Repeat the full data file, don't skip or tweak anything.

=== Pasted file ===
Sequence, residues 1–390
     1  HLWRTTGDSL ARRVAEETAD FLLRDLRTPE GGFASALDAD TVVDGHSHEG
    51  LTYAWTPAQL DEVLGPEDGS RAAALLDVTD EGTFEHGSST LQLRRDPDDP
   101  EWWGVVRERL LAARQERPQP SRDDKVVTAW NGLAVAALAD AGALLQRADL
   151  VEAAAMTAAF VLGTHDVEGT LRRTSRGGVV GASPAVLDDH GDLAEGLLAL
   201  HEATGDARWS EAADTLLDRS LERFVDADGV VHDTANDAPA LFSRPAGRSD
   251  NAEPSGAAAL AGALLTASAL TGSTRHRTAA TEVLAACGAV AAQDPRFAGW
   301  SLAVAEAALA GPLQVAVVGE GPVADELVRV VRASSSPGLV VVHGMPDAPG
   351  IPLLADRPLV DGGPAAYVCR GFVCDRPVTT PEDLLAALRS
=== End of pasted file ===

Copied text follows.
Sequence, residues 1–390
     1  HLWRTTGDSL ARRVAEETAD FLLRDLRTPE GGFASALDAD TVVDGHSHEG
    51  LTYAWTPAQL DEVLGPEDGS RAAALLDVTD EGTFEHGSST LQLRRDPDDP
   101  EWWGVVRERL LAARQERPQP SRDDKVVTAW NGLAVAALAD AGALLQRADL
   151  VEAAAMTAAF VLGTHDVEGT LRRTSRGGVV GASPAVLDDH GDLAEGLLAL
   201  HEATGDARWS EAADTLLDRS LERFVDADGV VHDTANDAPA LFSRPAGRSD
   251  NAEPSGAAAL AGALLTASAL TGSTRHRTAA TEVLAACGAV AAQDPRFAGW
   301  SLAVAEAALA GPLQVAVVGE GPVADELVRV VRASSSPGLV VVHGMPDAPG
   351  IPLLADRPLV DGGPAAYVCR GFVCDRPVTT PEDLLAALRS